Avoiding Artificial Joints
Although the human body has an amazing capacity to repair itself, our joints are surprisingly fragile. The cost for a new hip or knee, the joints most commonly replaced, is $30,000 to $40,000, with out-of-pocket costs being $3,000 to $4,000.
The population is getting older, more people are overweight, and an increasing number of children and young adults are playing serious sports and getting seriously injured — all factors that contribute to osteoarthritis. The total national bill for hip replacements in 2007 was $19 billion, and $26 billion for knees, according to the federal Agency for Healthcare Research and Quality. Those figures are expected to rise significantly in the coming decade.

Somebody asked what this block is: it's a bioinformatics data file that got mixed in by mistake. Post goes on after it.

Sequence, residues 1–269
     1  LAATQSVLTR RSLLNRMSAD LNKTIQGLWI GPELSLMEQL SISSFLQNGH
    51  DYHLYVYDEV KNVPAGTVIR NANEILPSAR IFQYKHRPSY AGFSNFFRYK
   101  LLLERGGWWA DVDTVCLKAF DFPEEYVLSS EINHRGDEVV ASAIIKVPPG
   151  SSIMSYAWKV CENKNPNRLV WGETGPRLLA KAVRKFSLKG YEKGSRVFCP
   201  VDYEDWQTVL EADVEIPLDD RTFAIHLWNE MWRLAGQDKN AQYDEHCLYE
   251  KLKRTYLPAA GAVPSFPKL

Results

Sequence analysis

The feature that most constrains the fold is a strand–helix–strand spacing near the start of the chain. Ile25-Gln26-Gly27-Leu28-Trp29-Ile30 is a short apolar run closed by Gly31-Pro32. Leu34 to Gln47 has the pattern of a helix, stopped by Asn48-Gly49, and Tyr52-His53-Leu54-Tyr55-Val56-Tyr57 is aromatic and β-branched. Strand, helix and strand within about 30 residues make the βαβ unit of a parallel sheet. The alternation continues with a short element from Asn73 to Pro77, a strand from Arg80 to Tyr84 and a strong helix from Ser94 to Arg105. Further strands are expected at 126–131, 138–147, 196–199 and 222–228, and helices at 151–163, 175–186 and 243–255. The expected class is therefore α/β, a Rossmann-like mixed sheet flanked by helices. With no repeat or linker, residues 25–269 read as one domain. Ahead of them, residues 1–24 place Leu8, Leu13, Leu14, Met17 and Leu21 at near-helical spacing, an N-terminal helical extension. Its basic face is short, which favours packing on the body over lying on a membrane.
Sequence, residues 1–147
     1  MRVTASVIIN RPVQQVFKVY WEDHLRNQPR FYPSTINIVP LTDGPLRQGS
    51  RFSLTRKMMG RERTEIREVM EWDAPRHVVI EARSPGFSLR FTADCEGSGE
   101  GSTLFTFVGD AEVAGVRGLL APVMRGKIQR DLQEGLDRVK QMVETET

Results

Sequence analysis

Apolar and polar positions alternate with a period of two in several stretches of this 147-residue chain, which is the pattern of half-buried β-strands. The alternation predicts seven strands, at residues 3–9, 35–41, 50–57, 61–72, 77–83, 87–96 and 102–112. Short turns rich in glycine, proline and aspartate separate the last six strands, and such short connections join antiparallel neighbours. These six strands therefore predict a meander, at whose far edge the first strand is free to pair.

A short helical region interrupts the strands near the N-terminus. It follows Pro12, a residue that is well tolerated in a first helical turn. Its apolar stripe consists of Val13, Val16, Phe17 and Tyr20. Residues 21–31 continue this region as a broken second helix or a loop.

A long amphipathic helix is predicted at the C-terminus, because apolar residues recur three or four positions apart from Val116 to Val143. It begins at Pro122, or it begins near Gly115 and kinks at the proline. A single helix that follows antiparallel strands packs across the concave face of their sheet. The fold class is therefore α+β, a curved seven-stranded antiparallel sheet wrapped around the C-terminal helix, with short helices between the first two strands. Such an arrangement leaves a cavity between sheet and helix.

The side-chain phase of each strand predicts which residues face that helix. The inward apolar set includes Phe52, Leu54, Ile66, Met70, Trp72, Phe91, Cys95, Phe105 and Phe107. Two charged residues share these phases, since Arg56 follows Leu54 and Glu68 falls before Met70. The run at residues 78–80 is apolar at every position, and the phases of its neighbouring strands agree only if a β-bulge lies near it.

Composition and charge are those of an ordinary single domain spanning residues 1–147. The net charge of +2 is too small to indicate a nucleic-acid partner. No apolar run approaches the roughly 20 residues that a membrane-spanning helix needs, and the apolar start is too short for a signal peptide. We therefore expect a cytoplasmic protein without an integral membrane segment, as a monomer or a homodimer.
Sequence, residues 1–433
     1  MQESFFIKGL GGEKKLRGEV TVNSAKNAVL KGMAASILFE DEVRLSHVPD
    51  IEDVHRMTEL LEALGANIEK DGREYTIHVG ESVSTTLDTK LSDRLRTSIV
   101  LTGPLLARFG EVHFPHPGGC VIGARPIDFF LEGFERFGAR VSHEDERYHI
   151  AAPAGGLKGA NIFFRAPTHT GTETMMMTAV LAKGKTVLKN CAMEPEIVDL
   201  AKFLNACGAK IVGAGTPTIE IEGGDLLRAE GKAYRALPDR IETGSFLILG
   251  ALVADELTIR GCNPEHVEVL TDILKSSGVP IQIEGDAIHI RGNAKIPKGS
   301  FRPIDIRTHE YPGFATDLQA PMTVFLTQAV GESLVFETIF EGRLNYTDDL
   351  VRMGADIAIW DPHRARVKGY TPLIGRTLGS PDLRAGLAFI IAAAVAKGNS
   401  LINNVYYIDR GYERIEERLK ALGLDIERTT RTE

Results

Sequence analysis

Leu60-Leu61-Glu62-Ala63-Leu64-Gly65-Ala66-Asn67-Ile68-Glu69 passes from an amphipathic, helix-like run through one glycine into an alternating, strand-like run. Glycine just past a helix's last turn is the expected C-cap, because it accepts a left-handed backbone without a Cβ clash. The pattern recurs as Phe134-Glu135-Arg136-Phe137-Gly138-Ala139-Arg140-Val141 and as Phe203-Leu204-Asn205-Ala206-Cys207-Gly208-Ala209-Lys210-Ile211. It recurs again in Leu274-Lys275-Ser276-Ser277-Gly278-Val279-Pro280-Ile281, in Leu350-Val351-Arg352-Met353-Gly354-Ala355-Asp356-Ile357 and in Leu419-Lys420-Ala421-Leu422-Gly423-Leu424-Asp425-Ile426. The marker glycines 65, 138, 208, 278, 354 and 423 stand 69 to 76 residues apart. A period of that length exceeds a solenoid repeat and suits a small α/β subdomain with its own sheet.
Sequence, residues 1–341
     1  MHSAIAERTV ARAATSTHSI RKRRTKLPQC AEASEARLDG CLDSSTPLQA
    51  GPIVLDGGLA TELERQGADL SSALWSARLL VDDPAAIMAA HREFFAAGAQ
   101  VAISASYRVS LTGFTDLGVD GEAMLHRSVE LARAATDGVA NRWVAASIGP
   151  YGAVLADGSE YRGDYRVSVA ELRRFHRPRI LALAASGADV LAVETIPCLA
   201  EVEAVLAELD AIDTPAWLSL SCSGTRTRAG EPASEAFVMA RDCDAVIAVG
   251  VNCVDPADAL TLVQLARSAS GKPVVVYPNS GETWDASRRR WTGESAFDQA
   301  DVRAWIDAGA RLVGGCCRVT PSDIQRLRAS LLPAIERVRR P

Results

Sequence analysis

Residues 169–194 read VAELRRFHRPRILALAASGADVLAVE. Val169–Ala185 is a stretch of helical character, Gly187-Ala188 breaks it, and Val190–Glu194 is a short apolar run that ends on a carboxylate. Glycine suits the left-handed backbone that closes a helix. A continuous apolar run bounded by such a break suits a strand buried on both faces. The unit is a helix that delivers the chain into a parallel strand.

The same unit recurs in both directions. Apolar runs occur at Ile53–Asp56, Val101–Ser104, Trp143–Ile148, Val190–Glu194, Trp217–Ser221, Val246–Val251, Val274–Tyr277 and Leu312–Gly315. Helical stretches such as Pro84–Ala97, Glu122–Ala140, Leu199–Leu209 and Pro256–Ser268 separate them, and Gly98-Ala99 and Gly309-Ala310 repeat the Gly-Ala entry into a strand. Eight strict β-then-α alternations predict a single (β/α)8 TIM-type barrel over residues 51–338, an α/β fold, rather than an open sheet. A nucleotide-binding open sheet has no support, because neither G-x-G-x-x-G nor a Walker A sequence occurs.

The best advice for your patients:
- Control your weight. When you walk, each knee bears a force equivalent to three to six times the body’s weight. If you weigh a mere 120 pounds, your knees are taking a 360-pound, or more, beating with every step.
- Go low-impact with exercise. If you run regularly, try to do so on a track or treadmill and consider swapping one run a week for something low-impact like swimming, biking, lifting weights or tai chi.
- Get fit. The better toned your muscles are, the less likely you are to injure yourself.
- Be skeptical. Don’t waste your money on specialized nutrients.